Tuesday, July 10, 2012
Friday, July 6, 2012
I thought from what was said about Anna Kavan's Mercury that it would be litfic uncomfortably fitted into the fantasy genre. This was largely confirmed when I saw that Doris Lessing had written the foreword, and what she had said about the book. Litfic and I seem to have an uneasy relationship. I generally don't like it, I'm getting the feeling I must be some sort of literary philistine.
I guess you could classify Mercury as fantasy, the people who wrote the list did. There's a rather dreamy unreal quality about the world the characters wander through, and I don't think it's ever actually confirmed that any of what they are seeing is real, or if in fact they are real. The man sized lemurs on the tropical island of Indris certainly aren't real, although they may have once existed.
The writing is beautiful. Anna Kavan chose her words carefully, and she paints a vivid picture with them. That unfortunately for me was where the good ended. It's easy to read, and a great example of how to write descriptively, however this is a novel (albeit quite short at 136 pages) and I always have a better relationship with a novel when it has a plot and characters that are not only real and believable, but have reasons for doing what they do. Mercury doesn't have those.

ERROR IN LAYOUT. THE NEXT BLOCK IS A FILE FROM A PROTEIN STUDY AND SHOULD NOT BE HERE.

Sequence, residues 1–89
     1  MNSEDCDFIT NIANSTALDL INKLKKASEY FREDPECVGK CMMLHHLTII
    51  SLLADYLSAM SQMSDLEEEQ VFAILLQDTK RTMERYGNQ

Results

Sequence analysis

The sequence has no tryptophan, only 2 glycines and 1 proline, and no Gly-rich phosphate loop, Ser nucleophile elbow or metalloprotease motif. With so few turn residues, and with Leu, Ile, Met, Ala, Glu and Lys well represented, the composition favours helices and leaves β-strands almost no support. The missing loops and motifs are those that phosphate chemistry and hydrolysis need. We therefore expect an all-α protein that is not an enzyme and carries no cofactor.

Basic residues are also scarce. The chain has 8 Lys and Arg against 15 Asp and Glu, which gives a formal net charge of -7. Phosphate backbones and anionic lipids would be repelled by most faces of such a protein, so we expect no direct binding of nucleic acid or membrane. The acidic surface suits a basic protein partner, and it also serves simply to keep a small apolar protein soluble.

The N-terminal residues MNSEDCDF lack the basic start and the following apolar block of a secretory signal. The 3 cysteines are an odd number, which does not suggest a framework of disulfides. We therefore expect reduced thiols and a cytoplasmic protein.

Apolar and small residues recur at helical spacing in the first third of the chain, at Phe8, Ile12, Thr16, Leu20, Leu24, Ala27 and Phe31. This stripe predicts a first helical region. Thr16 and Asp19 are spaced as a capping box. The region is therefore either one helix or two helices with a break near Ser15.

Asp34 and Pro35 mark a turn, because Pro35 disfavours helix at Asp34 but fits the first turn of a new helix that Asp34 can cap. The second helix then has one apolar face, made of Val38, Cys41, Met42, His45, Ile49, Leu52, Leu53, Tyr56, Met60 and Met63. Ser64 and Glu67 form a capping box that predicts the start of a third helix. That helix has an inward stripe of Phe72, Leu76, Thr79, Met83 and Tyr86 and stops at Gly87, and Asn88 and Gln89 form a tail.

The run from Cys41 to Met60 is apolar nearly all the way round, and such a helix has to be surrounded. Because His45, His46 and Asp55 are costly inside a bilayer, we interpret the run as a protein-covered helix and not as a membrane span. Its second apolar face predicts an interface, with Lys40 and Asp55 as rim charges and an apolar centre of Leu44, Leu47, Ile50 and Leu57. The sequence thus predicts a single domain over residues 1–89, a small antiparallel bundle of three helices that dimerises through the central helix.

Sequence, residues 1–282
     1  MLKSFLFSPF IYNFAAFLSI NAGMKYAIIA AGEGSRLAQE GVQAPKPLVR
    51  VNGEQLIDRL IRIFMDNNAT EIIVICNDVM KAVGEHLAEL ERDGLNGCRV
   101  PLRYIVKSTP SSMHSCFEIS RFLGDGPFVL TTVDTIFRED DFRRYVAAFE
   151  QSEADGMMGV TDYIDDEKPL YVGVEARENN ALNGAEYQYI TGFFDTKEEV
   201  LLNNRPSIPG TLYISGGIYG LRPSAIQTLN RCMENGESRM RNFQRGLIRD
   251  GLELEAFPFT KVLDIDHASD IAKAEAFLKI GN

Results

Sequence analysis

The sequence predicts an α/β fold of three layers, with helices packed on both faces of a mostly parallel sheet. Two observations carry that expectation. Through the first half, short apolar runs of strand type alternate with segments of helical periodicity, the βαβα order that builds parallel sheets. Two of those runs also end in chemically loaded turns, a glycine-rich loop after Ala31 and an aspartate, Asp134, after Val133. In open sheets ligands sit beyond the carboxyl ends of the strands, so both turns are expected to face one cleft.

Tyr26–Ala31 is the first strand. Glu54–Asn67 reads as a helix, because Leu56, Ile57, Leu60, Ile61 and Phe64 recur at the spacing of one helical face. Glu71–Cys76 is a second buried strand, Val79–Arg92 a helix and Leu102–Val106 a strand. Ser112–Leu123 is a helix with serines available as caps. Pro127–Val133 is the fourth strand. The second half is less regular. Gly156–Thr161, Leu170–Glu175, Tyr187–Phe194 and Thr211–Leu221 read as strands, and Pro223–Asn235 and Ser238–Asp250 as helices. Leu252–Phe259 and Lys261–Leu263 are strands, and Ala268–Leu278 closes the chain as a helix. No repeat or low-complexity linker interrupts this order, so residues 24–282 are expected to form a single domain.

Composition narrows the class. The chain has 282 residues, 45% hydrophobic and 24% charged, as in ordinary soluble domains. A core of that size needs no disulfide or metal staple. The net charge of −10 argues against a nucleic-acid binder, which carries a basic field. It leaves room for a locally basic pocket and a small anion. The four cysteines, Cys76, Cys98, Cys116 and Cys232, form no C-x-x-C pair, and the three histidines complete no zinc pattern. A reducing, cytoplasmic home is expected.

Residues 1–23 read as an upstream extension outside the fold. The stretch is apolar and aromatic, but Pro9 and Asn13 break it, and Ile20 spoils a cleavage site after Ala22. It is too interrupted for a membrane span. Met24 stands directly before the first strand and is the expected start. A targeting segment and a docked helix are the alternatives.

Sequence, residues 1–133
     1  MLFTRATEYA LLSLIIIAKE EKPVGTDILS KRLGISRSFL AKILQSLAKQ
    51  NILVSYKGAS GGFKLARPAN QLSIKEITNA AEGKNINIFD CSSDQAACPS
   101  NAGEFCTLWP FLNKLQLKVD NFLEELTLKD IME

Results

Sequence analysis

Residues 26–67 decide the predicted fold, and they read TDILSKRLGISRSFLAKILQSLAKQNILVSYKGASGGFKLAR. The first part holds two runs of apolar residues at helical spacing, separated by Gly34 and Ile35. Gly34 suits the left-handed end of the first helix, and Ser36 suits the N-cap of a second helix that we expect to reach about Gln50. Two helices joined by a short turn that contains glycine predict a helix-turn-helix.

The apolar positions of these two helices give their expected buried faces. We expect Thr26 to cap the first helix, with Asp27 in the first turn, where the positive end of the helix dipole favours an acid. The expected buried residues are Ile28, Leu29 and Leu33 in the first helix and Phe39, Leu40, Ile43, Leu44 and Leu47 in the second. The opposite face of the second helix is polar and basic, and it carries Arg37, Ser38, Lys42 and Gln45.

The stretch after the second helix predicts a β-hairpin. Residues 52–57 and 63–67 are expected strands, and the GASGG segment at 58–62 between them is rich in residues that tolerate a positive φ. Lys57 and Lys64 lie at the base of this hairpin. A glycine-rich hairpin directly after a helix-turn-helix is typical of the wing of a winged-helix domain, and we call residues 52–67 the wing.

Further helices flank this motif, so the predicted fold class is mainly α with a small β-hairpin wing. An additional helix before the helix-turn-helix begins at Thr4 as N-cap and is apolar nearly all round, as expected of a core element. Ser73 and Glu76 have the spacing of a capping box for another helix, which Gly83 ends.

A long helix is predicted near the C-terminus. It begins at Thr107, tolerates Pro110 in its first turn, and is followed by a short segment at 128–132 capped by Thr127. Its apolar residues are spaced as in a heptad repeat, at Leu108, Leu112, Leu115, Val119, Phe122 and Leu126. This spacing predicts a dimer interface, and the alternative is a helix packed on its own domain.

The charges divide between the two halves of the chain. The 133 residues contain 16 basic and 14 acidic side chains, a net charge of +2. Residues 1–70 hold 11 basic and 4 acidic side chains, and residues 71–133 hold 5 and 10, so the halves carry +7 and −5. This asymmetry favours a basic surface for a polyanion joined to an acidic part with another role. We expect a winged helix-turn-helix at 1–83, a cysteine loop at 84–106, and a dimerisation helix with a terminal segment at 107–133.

The two totally unbelievable protagonists Luke and the ethereal Luz see each other, fall in love, but never actually get together. Luz winds up marrying Luke's unstable and violent artist friend Chaz, who she later leaves. They spend their time wandering through this beautifully described landscape heading towards Indris for no discernible reason other than because the author seemed to like writing about the tropical setting and it's noisy lemurs. Eventually they find themselves in the one place at the one time and have sex. Finis. And this is literature? Okay.
I wouldn't recommend reading anything like it, because I wouldn't want to read anything else like it. Luke's way of behaving, and his lack of reason for doing things did remind me of Russell Hoban's equally inexplicable and plotless Kleinzeit. Kavan's best known work is the science fiction Ice, which Brian Aldiss chose as his favourite work of 1967. I haven't read it, so can't comment, but I know I didn't think a great deal of Aldiss' Malacia Tapestry so may not agree with his assessment.
I went on a little bit of a steampunk kick last year and one of the things I read was Phoenix Rising, the first of Pip Ballantine's and Tee Morris' Ministry of Peculiar Occurrences series.
The first book introduced readers to the odd couple pairing of the fiery colonial (she's from New Zealand) Ministry Agent Eliza Braun and the ministry's inoffensive archivist Wellington Books. It was a thoroughly enjoyable romp, so I was really looking forward to the next book in the series; The Janus Affair.